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COLUMNISTS

Noon: Weather, supply boost natural gas prices

Marita Noon
On Twitter @EnergyRabbit
Marita Noon

This year’s hot summer was predicted by WeatherBELL’s Joe Bastardi who, on Ground Hog Day, referenced El Niño and said: “we may have the hottest summer since 2012.” Dr. Roy Spencer, Principal Research Scientist at the University of Alabama in Huntsville, explains: “it is usually the second calendar year of an El Niño event that is the warmest.”

El Niño is a natural weather pattern first discovered centuries ago by Peruvian fisherman who noticed that the ocean would often warm late in the year. They called the phenomenon El Niño, after the Christ Child. “Modern researchers,” according to Bloomberg, “came to realize its importance to global weather in the 1960s, when they recognized the link between warm surface water and corresponding atmospheric changes.”

El Niño usually means warmer or milder winters and cooler summers in the U.S. — which has been bad for producers of America’s natural gas, as less has been needed for heating and air conditioning. This past winter’s milder temperatures coincided with abundant output from shale formations, that continued to grow through last winter, and, as reported by Natural Gas Intelligence (NGI): “collapsed natural gas prices to the lowest levels since 1999.” As a result, wholesale electricity prices also tumbled.

While the warmer winter and oversupply condition coincided to drive natural gas prices to their lowest levels in almost 17 years, weather and supply are now driving them back up.

El Niño patterns are usually followed by what is called La Niña — which happens as the ocean temperatures cool. La Niña generally takes place three months, or as much as twelve months, after an El Niño cycle. A report from CNBC, back in January, projected that this year’s El Niño would “fade by May-July” — which is what we are seeing and that is causing the hotter, drier summer.

Bloomberg cites Kevin Trenberth, distinguished senior scientist at the National Center for Atmospheric Research in Boulder, Colorado, as saying: “The cycles occur every two or three years on average and help regulate the temperature of the Earth, as the equatorial Pacific absorbs the heat of the sun during the El Niño and then releases it into the atmosphere. That can create a La Niña: a ‘recharge state’ when ‘the whole Earth is cooler than it was before this started.’”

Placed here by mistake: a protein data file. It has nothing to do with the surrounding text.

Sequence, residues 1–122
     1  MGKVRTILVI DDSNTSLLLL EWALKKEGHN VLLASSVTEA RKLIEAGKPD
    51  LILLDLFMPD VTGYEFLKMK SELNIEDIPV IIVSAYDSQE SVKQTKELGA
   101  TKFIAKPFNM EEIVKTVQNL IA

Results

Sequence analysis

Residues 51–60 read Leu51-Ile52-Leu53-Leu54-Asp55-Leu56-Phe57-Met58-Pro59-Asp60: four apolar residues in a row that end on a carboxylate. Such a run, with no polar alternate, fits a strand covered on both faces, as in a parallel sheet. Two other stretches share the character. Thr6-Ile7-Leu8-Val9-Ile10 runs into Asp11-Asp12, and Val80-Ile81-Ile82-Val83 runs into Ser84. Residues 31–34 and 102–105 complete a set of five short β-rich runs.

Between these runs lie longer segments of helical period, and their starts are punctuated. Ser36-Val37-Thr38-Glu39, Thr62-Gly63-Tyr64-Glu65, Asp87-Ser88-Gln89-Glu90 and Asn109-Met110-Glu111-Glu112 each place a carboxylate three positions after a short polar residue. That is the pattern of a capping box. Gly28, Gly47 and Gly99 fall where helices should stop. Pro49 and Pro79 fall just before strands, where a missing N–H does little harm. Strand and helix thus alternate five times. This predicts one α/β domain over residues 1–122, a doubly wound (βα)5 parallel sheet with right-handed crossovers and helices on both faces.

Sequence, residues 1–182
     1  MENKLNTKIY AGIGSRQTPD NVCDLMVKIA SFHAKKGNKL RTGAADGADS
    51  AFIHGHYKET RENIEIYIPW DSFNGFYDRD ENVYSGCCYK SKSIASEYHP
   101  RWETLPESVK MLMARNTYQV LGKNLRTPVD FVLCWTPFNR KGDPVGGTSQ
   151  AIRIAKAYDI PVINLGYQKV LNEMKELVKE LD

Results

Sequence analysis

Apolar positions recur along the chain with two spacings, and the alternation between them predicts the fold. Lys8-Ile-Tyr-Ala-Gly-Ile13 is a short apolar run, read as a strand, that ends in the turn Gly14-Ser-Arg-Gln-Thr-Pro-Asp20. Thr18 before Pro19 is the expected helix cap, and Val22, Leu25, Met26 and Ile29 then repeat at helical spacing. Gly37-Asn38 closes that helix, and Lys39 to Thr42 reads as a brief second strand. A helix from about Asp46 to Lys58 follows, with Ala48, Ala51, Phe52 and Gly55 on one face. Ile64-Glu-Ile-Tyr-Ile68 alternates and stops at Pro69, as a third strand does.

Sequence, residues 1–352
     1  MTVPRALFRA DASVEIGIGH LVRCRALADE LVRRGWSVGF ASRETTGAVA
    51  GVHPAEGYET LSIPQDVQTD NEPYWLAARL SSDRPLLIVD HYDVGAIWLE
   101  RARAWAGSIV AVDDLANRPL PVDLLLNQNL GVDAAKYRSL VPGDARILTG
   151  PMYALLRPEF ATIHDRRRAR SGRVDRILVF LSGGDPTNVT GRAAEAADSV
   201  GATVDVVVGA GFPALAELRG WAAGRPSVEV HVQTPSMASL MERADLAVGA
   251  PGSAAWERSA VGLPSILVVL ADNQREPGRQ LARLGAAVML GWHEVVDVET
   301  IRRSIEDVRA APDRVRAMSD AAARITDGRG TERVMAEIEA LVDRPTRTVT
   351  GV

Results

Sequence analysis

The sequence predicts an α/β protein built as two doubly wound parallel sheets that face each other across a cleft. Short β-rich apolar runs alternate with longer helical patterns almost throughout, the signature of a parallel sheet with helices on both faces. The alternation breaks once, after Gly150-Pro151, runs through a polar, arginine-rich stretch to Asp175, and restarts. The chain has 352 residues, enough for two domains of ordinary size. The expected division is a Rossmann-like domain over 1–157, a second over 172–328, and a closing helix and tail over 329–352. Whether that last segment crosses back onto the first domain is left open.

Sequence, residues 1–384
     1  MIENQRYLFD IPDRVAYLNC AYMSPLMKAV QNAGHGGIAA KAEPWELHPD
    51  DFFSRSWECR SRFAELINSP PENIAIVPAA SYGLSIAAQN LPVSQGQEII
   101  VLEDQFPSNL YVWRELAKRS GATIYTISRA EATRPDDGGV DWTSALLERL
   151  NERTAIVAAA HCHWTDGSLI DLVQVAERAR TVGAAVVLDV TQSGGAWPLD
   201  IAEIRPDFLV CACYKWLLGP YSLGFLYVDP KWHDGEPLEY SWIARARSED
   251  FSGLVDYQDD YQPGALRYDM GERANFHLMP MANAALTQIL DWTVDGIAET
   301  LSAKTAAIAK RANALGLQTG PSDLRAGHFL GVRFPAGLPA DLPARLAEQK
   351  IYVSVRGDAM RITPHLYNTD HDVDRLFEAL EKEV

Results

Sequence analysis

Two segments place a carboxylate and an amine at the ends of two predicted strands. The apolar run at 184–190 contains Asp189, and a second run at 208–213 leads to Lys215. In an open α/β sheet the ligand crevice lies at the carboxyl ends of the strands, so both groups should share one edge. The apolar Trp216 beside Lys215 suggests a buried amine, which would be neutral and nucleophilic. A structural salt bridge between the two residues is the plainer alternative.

While experts differ on the exact timing, most expect La Niña to form as early as July or as late as December — or even January. Reports indicate that a strong La Niña could push more polar vortexes down into the U.S. and typically a strong El Niño, as we’ve just experienced, is followed by a strong La Niña.

On June 29, the Financial Times announced: “U.S. natural gas prices have leapt 30 per cent this month as hot weather boosts demand for air-conditioning and slowing supplies point to a gradually tightening market.” It adds: “After years with prices in the doldrums, U.S. gas output has also begun to level off.”

The Price Group’s Phil Flynn, seen daily on the Fox Business Network, told me that with the projected cold winter, we are facing high demand at a time when natural gas production is “getting ready to fall off a cliff.” He is encouraging his clients into natural gas.

For consumers this may mean that, because wholesale electricity prices strongly correlate to natural gas prices, power supply costs could be impacted — resulting in higher utility bills. Because of low natural gas prices, homeowners have not felt the full hit of higher cost renewables — but that could be changing as we head into a La Niña winter.

The author of Energy Freedom, Marita Noon serves as the executive director for Energy Makes America Great Inc., and the companion educational organization, the Citizens’ Alliance for Responsible Energy. She hosts a weekly radio program: America’s Voice for Energy — which expands on the content of her weekly column.